July 26, 2021
July 26, 2021
July 19, 2022
Learning analytics can optimize online instruction; however, the cryptic data from the Learning Management System (LMS) platforms inhibit instructors from improving their courses. Despite the cryptic data, instructors can tailor courses to incorporate more personalized learning using student activity data. This study explores how instructors can leverage learning analytics to create successful online experiences. Specifically, the researchers investigated the types of data Canvas learning analytics provides on student interaction with online content to identify instructional improvement areas.
The researchers examined student activity in the LMS using a case study of an online construction management course taught at a large Mid-Atlantic university. The researchers collected data from the online course during three semesters (Spring 2020, Summer 2020, and Fall 2020). The data collection goal was to observe the students’ activity fluctuations and learn about their interactions with the content pages. Online courses allow students to learn with reduced face-to-face interactions. Learning analytics can help overcome the challenge of not being able to monitor student activity in the classroom.
To analyze the students’ interactions, the researchers explored the course’s entire student activity records by time. Data was analyzed through graphical analyses and student network analyses. One significant finding was that the popular times to engage with the course were 2 PM, 3 PM, and 4 PM. Additionally, the students were most active in posting on the discussion boards around 8 PM and replying to their peers’ posts around 1 PM. Based on the research finding, an instructor could optimize their instruction and engage with their students at the popular course times of 2 PM – 4 PM.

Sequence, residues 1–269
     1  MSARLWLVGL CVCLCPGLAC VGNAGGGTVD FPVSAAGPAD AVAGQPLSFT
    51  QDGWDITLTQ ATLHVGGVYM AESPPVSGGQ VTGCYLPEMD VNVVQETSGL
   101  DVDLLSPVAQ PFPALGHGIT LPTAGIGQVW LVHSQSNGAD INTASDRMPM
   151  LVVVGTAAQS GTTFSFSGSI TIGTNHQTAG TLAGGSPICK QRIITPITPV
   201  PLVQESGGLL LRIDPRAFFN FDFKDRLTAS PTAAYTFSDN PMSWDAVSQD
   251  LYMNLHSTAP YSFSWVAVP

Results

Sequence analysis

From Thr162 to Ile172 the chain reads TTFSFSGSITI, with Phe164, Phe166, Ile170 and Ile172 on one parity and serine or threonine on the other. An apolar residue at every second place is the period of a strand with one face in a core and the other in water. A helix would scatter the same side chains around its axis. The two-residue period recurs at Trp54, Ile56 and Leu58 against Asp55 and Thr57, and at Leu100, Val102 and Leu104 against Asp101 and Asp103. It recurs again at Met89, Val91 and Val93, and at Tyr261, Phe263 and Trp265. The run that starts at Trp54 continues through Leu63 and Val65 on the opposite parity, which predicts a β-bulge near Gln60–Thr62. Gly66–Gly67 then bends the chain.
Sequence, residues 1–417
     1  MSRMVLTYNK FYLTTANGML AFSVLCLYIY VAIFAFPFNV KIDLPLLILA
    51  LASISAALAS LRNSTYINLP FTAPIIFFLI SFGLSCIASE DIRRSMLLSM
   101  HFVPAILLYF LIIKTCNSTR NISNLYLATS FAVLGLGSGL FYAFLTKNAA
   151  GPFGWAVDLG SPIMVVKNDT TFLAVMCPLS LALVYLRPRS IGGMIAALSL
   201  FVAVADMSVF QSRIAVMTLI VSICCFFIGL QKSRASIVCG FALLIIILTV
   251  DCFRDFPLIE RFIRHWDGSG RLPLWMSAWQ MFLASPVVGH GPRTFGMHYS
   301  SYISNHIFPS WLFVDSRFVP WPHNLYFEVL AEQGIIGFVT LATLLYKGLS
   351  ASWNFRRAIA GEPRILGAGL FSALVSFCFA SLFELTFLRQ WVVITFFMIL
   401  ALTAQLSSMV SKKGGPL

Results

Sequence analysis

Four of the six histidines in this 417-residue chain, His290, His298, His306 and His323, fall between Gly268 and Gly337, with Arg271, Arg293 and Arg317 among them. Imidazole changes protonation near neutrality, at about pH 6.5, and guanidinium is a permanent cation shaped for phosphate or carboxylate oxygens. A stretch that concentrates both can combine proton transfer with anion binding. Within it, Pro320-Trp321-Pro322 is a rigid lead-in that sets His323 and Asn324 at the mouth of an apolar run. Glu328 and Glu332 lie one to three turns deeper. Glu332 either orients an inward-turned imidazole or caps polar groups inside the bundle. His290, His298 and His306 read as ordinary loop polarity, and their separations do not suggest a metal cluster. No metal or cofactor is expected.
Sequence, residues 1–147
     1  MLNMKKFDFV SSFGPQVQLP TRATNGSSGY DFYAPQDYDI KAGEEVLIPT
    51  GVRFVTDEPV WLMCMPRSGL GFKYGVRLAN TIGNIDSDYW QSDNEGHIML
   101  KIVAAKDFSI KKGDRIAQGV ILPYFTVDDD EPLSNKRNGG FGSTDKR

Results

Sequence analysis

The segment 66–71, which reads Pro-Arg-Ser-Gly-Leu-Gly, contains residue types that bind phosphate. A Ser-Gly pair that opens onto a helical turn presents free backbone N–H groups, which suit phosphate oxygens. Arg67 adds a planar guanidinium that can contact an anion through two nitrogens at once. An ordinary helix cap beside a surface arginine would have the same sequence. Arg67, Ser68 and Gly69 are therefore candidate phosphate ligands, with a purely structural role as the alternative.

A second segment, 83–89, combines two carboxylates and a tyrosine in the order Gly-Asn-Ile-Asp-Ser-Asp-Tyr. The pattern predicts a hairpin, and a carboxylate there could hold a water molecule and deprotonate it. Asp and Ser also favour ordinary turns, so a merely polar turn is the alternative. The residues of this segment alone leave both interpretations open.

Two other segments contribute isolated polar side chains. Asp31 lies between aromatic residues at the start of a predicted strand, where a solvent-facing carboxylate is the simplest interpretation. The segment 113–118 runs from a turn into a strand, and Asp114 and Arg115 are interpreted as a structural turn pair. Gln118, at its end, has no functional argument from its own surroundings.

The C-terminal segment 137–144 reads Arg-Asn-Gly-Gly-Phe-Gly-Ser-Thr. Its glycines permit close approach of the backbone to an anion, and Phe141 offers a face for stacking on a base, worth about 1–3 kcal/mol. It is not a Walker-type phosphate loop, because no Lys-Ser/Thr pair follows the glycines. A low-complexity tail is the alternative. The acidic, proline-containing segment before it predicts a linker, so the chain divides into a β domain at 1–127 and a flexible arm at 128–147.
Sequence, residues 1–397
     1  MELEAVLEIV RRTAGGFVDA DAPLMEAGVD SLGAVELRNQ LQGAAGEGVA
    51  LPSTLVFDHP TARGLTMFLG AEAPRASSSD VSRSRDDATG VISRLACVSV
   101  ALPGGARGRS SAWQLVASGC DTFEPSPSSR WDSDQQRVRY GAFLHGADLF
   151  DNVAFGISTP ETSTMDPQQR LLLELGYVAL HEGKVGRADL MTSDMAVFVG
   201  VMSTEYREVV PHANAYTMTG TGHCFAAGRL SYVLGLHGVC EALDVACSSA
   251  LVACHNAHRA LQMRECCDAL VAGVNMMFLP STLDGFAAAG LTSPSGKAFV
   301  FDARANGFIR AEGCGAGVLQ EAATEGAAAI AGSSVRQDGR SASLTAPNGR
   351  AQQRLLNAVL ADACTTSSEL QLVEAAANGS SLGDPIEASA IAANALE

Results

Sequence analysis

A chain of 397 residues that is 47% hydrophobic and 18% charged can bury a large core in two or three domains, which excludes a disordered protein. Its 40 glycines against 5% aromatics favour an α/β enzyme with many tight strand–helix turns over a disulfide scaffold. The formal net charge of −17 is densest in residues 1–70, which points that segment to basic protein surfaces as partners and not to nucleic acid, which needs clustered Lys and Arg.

Another application of learning analytics is exploring team dynamics. The researchers examined the effect of students’ activity levels (e.g., low, medium, high) on the team’s performance. The activity levels were separated into three equal groups (e.g., high activity = top 33% of activity). While we haven’t seen a strong correlation, we have discovered associations between individual student activity and the team’s overall performance. As a result of our analysis, in the Spring 2020 course, the team who received the highest group project grade was the only team with two high activity level students. Additionally, in the Summer 2020 course, the team with the lowest group project grade was the team with the largest number of low activity level students. Overall, there is a potential that dividing students into teams based on activity levels could improve team performance outcomes in an online course.
Understanding student online learning and team dynamics is more important than ever during the current pandemic. Learning analytics can help instructors ensure their students understand, engage, and participate in the online course material. Additionally, due to globalization and the popularity of e-learning, this research applies to the development of online courses outside of higher education. Given the rapid transformation from in-person to virtual learning, it is vital for researchers to continue exploring the utility of learning analytics and their implementation into the civil engineering field.
West, P., & Paige, F., & Watts, N. B., & Lee, W. C. (2021, July), Constructing Insights on Learning Analytic Student Activity Data from an Online Undergraduate Construction Management Course Paper presented at 2021 ASEE Virtual Annual Conference Content Access, Virtual Conference. 10.18260/1-2--36839
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